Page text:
It started as a form of therapy after five of his colleagues at the Capital Gazette newspaper were killed in the Annapolis, Maryland, newsroom where they all worked.
Photographer Paul Gillespie, one of the survivors of the attack, said he found himself needing to keep busy. Otherwise the post-traumatic stress disorder and anxiety would take over.
So, he started taking portraits. He began with the people he calls family, his Capital Gazette co-workers.
“The project started off just for something for me to do on my days off,” but Gillespie said he was then urged to turn the photos into a project.
That project became “Journalists Matter: Faces of the Capital Gazette.” The exhibit will open on Sunday, Oct. 6 in Annapolis.
Five people were killed on June 28, 2018 when a gunman walked into the newspaper’s offices on Bestgate Road: Gerald Fischman, Rob Hiassen, John McNamara, Rebecca Smith and Wendi Winters.
Gillespie took portraits of his colleagues who survived the attack, such as reporter Selene San Felice. She posed with arms outstretched, a pen in one hand, a reporter’s notebook in the other.
As he was sorting through photos for the upcoming show, Gillespie said he was faced with choosing which images should be featured in the exhibit. He didn’t hesitate when it came to San Felice’s photo.
“There was one definite photo I was like, ‘That’s the one.’ … Sometimes they just speak to me,” Gillespie said.
There were other cases where he agonized over which photo to use. Gillespie said he ended up choosing two photos of Capital Gazette editor Rick Hutzell.
“He’s the only one that has two in the show,” Gillespie said. “One is more about him, but the other one has a quilt that has all five people that we lost in it, and that one had to be shown, too,” he said.
Gillespie also asked the family members of those who were killed to sit for portraits. He is especially grateful for their participation.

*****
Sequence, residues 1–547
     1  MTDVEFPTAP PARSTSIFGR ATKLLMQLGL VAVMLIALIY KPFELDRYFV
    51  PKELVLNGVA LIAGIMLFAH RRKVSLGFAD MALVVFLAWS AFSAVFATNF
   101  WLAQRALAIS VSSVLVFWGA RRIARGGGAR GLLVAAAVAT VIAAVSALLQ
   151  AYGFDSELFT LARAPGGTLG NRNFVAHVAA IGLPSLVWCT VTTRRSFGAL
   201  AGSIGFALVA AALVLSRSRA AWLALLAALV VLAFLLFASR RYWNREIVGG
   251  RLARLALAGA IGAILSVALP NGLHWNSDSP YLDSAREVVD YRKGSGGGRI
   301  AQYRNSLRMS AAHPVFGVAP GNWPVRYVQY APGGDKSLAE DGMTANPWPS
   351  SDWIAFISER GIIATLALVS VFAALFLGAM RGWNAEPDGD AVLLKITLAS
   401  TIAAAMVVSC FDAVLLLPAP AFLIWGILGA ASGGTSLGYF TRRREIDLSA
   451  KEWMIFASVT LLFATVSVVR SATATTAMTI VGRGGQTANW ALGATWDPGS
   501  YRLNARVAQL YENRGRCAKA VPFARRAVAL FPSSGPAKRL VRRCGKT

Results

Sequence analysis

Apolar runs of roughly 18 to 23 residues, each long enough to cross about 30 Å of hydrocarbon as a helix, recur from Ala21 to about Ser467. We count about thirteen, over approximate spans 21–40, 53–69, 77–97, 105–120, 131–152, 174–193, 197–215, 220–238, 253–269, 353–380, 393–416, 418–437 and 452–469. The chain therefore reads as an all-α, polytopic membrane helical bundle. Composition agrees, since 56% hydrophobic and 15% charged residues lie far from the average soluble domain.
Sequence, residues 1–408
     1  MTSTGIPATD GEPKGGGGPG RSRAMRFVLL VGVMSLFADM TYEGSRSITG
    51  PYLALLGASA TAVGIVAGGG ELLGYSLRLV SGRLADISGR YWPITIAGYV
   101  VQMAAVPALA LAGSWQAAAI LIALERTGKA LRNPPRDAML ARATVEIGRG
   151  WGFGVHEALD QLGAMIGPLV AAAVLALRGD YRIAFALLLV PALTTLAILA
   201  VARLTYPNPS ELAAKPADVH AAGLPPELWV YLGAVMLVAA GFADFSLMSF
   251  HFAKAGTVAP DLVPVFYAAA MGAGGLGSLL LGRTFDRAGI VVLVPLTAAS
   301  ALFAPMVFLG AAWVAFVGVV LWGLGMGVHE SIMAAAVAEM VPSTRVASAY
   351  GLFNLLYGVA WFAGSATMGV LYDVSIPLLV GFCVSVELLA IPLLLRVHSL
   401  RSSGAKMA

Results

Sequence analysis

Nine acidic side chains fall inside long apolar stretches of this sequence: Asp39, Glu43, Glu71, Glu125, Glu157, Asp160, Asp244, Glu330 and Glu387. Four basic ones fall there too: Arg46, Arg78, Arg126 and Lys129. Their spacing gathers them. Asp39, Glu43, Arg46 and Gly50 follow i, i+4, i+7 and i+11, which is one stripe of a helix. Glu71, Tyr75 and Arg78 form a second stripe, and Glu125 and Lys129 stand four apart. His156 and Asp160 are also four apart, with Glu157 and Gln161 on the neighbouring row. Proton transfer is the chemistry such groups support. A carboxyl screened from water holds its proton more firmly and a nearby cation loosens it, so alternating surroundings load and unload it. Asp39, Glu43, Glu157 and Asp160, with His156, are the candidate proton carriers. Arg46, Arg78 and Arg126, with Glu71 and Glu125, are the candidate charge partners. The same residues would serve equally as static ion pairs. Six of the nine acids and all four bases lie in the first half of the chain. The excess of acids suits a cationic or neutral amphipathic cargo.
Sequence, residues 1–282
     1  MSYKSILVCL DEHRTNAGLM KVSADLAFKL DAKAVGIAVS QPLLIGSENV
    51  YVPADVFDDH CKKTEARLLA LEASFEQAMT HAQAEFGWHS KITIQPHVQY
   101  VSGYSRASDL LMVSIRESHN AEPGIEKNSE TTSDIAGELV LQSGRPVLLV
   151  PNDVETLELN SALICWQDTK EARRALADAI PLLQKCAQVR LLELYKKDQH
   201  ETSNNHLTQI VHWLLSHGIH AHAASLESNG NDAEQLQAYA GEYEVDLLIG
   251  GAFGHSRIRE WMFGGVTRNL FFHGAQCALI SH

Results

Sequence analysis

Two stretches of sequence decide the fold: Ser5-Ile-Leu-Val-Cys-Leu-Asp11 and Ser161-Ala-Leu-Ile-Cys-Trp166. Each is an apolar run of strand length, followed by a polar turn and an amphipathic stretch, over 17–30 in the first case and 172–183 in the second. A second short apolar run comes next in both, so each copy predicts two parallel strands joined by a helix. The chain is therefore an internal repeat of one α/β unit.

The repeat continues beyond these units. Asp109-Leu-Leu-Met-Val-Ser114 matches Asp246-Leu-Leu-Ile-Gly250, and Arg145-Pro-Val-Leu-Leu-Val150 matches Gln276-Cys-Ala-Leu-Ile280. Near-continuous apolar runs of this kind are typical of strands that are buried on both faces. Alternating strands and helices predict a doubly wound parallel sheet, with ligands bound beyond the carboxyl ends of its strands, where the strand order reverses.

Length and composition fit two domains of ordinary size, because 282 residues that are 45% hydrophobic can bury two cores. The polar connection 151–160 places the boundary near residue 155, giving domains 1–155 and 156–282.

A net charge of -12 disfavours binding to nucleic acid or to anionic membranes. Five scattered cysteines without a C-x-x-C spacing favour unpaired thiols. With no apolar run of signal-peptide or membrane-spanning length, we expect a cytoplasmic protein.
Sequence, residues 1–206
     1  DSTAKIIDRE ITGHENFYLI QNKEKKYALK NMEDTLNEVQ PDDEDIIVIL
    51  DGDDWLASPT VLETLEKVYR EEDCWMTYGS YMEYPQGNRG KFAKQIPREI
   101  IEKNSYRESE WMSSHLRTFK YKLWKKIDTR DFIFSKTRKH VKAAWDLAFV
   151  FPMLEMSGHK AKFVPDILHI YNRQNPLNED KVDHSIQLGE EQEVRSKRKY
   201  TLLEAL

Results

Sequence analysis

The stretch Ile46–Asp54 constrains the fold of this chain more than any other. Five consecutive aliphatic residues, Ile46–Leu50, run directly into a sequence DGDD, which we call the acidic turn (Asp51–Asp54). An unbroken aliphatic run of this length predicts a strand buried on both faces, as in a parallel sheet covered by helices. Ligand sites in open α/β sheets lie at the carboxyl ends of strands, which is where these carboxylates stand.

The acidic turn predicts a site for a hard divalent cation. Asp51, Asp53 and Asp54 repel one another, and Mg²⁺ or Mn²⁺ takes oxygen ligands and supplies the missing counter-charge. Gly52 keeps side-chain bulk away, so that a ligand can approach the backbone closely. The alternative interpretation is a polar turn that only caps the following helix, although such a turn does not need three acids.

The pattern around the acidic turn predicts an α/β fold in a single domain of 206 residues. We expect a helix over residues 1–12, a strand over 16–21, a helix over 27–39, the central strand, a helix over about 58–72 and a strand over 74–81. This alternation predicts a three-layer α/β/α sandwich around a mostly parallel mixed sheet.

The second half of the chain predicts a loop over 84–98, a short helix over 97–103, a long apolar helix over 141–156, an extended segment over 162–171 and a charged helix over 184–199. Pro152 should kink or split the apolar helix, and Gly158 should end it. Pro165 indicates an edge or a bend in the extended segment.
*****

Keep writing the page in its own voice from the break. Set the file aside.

“All the people that lost somebody, their pictures are really special to me because I’ve said it before, they’ve given me the most precious gift” of their time and their willingness to share the impact of their own grief and loss, he said.
As the sense of loss was revisited with each portrait, Gillespie said the project was at times emotionally taxing. “It can be. But as I’ve said before, every one of these photo sessions has been like therapy.”
Each photo session would start off light and easy, with small talk and chatter. Toward the end, the session would delve into what happened on the day of the shooting.
“Through therapy, I’ve learned that it’s good to talk about these things instead of (keeping) them bottled up,” Gillespie said. By his count, there were 27 such “therapy sessions,” each one healing.
One of the toughest things, he said, was writing the title cards that accompanied each photo.
“That brings up a lot of stuff,” he said, explaining that he would go back and research each portrait, including rereading the obituaries of his colleagues. “That’s been somewhat harder.”
Gillespie, who is used to turning his camera on others, said that he is a bit anxious about the upcoming show and being in the spotlight. “That’s not something I’m used to,” he said. “I got a little anxiety about it.”
But despite his nervousness, he said optimistically, “But it’s going to be great. We’re going to have a good time.”
The show will be a bit of a Capital Gazette reunion, Gillespie has learned. The list of former reporters and photographers who have worked at the Capital and Gazette newspapers is a long one. Many have gone on to work at The Baltimore Sun and The Washington Post, and other news outlets.
But the shared connection goes beyond the Capital Gazette family or those who work in the news business. “I can’t go to an assignment without someone telling me that they delivered the Capital or Maryland Gazette as a kid!” Gillespie said.
Another group Gillespie wants to express his gratitude to are the people who contributed to his Go Fund Me page, which allowed him to pursue the project. He started with a modest goal of about $8,000, and the contributions have generated nearly $18,000, which Gillespie said could allow the exhibit to travel. There could also be a book in the works.
Asked what he wants people to take away from the project, Gillespie makes a pitch for people to subscribe to their local papers. And he added, “Anything you can do to make the world a better place is always good.”
The exhibit opening will be held at the Art Farm in Annapolis on Sunday, Oct. 6 from 5 p.m. to 8 p.m. The exhibit will remain on view through Oct. 30.
Take a peek into what will be in the exhibit at Gillespie’s GoFundMe page.
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